At Chicagoland Speedway Kyle Busch and Kyle Larson manned up, put on the big boy pants and made the last lap unforgettable.

Larson didn't tell a tall tale about his intentions to bash his way to his first win of the season. Busch refused to lie about the retaliation preserving his fifth trip to victory lane in 2018.  Neither made excuses and, as there should have been, there was no whine with that finish. 

First, however, I'd like to thank the lapped traffic and the back of the pack lead lap cars that dragged Busch back into the clutches of Larson.  Without those guys racing for position, which they had every right to do, without Ryan Newman being the toughest guy to pass on the planet, which is his right, we never would have had a final lap for the ages.

Instead of everyone just moving over, giving up what they were fighting for and showing the "proper etiquette" according to the unofficial gentlemen driver's code, whatever that is, they raced for everything they could get at the end of the Overton's 400, allowing Larson to go for broke the final time through turn two.

To make a potential winning pass, he got into the left rear of Busch's car and Larson was willing to admit he never thought about doing a slide job.  The contact was intentional.  "I wasn't really trying to make it in front of him.  I figured if I ran in there to try and clear him, I would have had to slow down so much to not hit the wall that he would have just turned underneath me, and it wouldn't even have been a battle to the win."

"I thought he was going to pull a slide job," Busch confessed. "When he didn't try to do a slider, then I wasn't sure what his next move was going to be. I was like, surely he's not going to drive into the side of me. Then he did. After that point, all bets are off."

Added Larson, "I kind of made the plan to try and squeeze into him, to bog him down.  It worked just he was able to get back to my back bumper into three."

At that point, Busch had only one goal and the young California driver was his only target. "I drove off in there as far as I could, got into the back of him.  Once I did that, he was kind of sliding loose and I was just trying to get back to the start-finish line. I'd much rather not slam past him in order to win the thing. When I was going down the backstretch, I was like, Hell, no, you're not taking this one away right now. This was kind of where I was at."

"Once contact is made in a race, it's kind of like, okay, every man for himself."

Yes, it is and why Larson headed straight to victory lane after climbing out his car the runner-up for the fourth time this season.  "I just went down and talked to him and said that was a lot of fun," he said with a little chuckle. 

Busch felt Larson's visit was the right thing to do so the two of them could absolutely make sure they were on the same page. "I actually said first, I thought you were going to slide me," Busch explained. "I was all ready for that. He was like, no, I didn't have enough room. By the time you got back to my outside, I had no other choice to stall you out, I hit you. You knew it was fair game after that? Yeah, I knew.  All right, as long as we're good, you understood that was how it was going to be. He was like, no, it's totally on me for initiating it, for starting it. It was all good."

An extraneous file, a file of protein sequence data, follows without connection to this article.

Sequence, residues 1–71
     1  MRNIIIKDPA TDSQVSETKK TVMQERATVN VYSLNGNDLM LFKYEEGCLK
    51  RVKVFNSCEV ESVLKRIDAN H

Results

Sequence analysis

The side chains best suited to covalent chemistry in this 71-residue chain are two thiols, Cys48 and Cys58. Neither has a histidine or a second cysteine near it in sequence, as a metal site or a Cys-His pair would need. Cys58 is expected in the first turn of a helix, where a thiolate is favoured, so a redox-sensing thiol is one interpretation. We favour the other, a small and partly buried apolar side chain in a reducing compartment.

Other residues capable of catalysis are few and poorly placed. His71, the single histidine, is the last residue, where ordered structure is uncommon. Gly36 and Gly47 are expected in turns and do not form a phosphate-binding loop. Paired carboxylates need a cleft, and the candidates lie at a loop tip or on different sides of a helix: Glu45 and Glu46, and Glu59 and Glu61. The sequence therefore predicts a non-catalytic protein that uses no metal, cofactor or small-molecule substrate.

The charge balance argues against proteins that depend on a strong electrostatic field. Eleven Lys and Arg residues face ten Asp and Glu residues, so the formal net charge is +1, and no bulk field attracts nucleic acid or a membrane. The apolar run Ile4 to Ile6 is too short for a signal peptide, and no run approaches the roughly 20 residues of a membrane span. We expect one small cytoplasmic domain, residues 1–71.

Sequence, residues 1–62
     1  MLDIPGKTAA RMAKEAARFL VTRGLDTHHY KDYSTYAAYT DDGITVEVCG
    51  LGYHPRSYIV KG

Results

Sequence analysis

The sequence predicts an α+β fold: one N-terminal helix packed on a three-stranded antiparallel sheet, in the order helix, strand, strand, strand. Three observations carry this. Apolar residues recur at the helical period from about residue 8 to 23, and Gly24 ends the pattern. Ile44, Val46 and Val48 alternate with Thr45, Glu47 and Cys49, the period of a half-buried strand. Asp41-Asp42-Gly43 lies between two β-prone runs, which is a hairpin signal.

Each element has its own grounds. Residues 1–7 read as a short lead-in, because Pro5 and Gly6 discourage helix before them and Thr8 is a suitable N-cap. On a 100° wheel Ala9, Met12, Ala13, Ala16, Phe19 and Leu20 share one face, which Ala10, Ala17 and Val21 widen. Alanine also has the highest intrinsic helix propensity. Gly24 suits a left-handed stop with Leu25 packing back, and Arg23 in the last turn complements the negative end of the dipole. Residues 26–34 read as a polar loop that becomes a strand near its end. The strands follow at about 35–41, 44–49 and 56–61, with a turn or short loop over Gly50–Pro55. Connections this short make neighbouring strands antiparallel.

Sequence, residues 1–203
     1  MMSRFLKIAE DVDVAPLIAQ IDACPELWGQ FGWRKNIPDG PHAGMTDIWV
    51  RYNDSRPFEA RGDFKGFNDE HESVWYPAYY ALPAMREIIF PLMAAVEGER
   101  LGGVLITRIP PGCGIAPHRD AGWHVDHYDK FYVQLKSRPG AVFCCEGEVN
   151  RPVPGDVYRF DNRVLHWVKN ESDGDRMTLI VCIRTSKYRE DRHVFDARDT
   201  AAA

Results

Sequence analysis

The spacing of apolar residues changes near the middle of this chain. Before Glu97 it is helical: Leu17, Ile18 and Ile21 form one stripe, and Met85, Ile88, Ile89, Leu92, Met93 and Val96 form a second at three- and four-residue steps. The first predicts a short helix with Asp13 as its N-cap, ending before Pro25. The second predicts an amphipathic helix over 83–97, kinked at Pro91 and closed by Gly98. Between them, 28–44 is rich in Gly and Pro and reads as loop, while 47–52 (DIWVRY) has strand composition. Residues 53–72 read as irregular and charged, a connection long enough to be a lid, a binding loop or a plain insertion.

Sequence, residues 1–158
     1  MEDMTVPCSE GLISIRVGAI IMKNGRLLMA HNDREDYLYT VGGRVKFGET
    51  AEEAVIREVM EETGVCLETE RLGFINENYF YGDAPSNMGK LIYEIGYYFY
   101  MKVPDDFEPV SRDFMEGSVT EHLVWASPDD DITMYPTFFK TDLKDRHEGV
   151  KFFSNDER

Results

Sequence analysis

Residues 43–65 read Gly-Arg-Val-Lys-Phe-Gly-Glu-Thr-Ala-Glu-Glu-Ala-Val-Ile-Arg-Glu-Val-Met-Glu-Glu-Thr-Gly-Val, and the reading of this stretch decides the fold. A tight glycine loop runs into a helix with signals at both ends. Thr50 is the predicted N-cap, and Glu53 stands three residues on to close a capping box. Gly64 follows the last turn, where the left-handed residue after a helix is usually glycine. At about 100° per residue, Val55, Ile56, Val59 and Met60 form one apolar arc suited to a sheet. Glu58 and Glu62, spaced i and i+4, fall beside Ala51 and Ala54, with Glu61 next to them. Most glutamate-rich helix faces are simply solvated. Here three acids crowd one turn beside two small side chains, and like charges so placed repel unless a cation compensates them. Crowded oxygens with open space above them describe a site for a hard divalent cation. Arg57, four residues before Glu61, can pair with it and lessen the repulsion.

With some fans, though, it wasn't all good.  They didn't accept Busch's right to return fire.  They complained if he had finished second or the shoe was on the other foot instead of taking the high road he would have hit the highway without saying a word, running away and refusing to face the music like Larson did.

Given his past history, there's a chance that might be true, but should we pronounce Busch guilty of something he may or may not do? Sorry, that's not fair.  You're grasping at straws if that's your only complaint after that finish.  One of my friends asked me how much NASCAR should penalize Busch and I answered, "Are you kidding me?  Are you crazy?"

From the beginning of the sport in the late 1940's into the 90's, the leader of the race knew he was fair game and if someone got close enough in the closing laps he was going to, at least, get a bump and run. Somewhere along the line, however, that misdemeanor turned into a felony and drivers began to feel anyone who did that should be charged with assault and battery.  You've heard it said, "rubbings racing".  Well, that statement came from years ago and it hasn't really been that way for a while.

The key to the code once upon a time was simply, yes could push the leader out of the way, but you couldn't wreck him. You could bump him back to second or third, but you couldn't crash him back to 30th without a brawl in the garage.   I remember Jeff Gordon knocking Rusty Wallace out of the lead, not once but twice, at Bristol to win on the final lap and Rusty never screamed he had been screwed over.  He just took it on the chin, reminding Gordon he had better keep his mouth shut if the roles are someday reversed.

We need to get back to that mentality.  We saw it in the season-opening Daytona 500 when Austin Dillon hammered his way by Aric Almirola on the last lap to win and a classy Almirola walked away knowing Dillon had done nothing he wouldn't have done.

With their frantic finish at Chicagoland the Kyles, Busch and Larson, added another chapter to the story of, hopefully, NASCAR's road to recovery.  I loved every moment in the closing laps. Whether on the lead lap or not, whether it was among the top-two challengers, no one was asking for mercy, nor was anyone giving any.  They just drove their guts out until someone told them the checkered flag was out.

We need more of that, not less, and anyone who thinks otherwise…I don't know what to think.